Peters has risen to the top of her craft by writing and recording songs that explore the deep corners of life with empathy and integrity. She has accumulated accolades as a songwriter for artists as diverse as Etta James, Bonnie Raitt, The Neville Brothers, Patty Loveless, George Strait, Bryan Adams and Faith Hill. Of her own recordings, the Associated Press said, “this is not jukebox music – the stuff that exists to fill in the pauses in conversation. This IS the conversation.”

Her latest album, Blackbirds, follows Peters’ 2012 album Hello Cruel World, which NPR called “the album of her career” and Uncut said “establishes her as the natural successor to Lucinda Williams.” If anything, though,  Blackbirds truly establishes Peters as a one-of-a-kind singer and songwriter, one in possession of a fearless and endlessly creative voice.

Dave Berg
Dave Berg is a singer/songwriter originally from Portland OR, now making his home in Nashville TN. His songs have been recorded by a wide variety of artists including Keith Urban, Bake Shelton, Carrie Underwood, Jimmy Buffet, Kenny Chesney, Jewel, Jimmy Buffett, Darius Rucker, Reba McEntire, Rodney Atkins and Meatloaf to name a few. He’s hit the top of the charts 5 times including the most played country song of 2008, “If You’re Going Through Hell” recorded by Rodney Atkins. Other hits include “Stupid Boy” by Keith Urban as well as the number 1’s “Somebody” by Reba McEntire, “These Are My People” by Rodney Atkins and “Moments” by Emerson Drive. In 2008 Berg was named Billboard’s Country Songwriter of the Year, as well as ASCAP’s (American Society of Composers, Authors and Publishers) Country Songwriter of the Year. Berg has also released three independent singer/songwriter records of his own; “Three Perfect Days,” “Surface,” and “Not Quite So Alone”

Moderated by Steven Heller
Producer, composer, and engineer, Steven Heller,  has earned three GRAMMY Awards, five GRAMMY nominations, as well as a number of national awards for his music and recordings. His work encompasses music for artists, film, television, other media. Steven has secured options for feature film scripts as editor and producer. His produced and written story projects have garnered several GRAMMY nominations.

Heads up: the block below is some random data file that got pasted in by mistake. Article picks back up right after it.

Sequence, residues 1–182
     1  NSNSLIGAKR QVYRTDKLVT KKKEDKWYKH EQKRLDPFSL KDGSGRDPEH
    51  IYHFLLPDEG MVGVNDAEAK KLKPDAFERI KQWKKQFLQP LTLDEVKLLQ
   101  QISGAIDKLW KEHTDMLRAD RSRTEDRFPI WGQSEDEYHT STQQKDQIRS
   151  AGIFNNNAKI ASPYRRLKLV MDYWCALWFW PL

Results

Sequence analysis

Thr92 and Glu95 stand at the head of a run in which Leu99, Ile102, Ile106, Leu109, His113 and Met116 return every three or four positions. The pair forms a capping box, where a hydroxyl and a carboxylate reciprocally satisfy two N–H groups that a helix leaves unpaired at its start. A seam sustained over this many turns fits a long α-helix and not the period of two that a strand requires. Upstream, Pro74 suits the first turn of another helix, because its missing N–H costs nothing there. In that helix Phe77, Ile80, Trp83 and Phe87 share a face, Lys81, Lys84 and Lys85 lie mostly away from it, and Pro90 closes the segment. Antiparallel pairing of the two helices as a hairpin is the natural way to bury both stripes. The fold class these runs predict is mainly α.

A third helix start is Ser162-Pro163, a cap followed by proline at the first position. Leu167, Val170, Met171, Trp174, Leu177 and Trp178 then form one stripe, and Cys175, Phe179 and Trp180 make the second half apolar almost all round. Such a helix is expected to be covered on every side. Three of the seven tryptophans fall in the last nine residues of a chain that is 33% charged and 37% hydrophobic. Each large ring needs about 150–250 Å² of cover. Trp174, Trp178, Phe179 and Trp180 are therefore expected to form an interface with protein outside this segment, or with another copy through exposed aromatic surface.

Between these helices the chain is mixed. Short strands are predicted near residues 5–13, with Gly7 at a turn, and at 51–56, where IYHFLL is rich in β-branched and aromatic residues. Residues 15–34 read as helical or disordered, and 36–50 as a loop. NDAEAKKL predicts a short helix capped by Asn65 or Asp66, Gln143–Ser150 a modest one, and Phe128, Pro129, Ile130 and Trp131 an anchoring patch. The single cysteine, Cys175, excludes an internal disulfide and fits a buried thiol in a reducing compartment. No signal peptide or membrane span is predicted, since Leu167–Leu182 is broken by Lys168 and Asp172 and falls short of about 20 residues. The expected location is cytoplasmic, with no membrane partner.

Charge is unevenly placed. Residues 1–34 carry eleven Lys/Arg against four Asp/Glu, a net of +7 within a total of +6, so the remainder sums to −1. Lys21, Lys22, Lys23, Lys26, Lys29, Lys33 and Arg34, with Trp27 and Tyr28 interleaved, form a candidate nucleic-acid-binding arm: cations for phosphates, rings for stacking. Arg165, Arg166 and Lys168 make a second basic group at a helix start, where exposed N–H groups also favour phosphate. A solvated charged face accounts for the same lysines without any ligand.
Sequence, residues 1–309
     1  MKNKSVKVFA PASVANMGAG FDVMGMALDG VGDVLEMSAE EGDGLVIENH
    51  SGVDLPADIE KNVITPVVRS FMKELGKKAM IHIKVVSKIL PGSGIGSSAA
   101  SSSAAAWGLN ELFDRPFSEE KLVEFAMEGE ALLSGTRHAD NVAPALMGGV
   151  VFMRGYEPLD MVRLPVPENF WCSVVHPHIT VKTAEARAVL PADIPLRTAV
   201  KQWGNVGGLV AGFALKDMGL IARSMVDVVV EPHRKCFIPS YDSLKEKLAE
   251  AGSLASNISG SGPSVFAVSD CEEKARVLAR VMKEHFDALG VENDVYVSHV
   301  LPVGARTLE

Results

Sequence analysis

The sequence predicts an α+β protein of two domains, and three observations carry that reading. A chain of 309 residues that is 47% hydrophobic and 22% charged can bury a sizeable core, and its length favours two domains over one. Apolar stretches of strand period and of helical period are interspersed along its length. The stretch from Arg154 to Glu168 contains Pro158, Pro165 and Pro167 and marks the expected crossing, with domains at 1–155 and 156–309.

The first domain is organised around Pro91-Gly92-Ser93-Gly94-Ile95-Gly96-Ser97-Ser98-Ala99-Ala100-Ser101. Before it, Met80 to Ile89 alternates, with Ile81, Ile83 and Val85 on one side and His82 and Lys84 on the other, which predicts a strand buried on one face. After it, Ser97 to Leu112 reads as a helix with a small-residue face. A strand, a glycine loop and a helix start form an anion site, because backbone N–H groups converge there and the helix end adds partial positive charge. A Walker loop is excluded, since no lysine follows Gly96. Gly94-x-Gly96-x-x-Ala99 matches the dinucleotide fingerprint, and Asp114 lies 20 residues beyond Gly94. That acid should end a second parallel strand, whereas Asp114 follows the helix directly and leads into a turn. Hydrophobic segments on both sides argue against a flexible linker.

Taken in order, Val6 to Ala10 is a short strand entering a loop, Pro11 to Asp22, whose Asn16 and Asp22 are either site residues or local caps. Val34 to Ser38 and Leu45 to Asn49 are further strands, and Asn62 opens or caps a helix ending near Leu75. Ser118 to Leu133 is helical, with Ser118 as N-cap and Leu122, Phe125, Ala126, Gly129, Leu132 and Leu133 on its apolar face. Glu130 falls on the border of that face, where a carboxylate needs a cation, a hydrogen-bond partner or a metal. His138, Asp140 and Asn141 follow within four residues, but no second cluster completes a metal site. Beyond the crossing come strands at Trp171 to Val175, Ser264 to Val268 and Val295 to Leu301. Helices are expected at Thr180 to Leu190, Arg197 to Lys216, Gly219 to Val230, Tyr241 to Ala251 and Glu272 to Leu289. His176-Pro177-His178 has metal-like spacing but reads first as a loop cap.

Heller’s clients include MTV, 20th Century Fox, Miramax, Rhythm and Hues, National Public Radio (NPR), Public Radio International (PRI), and many others. He has served as music supervisor and producer for the Miramax film, “The Journey of August King,” and composed and produced music for the film. He has also composed, orchestrated, and adapted the music package for the Animal Planet Network, a division of Discovery Network, Inc., as well as scored numerous award-winning films, including features, documentaries, and children’s films garnering numerous Telly and Addy Awards for television and radio commercial music compositions.

Heller has also been honored with Golden CASE Awards, three American Library Association Notable Recording Awards, several NAIRD (National Association of Independent Record Distributors) Awards, Parent’s Choice Gold Awards, National Association of Parents’ Publications Awards. Heller is based in Asheville, NC.

Erika Wollom Nichols
President/COO of The Bluebird Cafe, Erika Wollom Nichols oversees all operations including marketing, sponsorship and brand development of The Bluebird Cafe name. She is also co-director of the Tin Pan South Songwriters festival. Past experience: Director of Development for NSAI, handling fundraising, marketing and community relations and VP of Marketing & Community Outreach at The Country Music Hall of Fame. She served on the Board of Leadership Music (2007-2010), and currently serves on the board of the ACLU of Tennessee and Folk Alliance International. She received her BA in philosophy from Belmont University and her MFA from Vermont College of Fine Arts.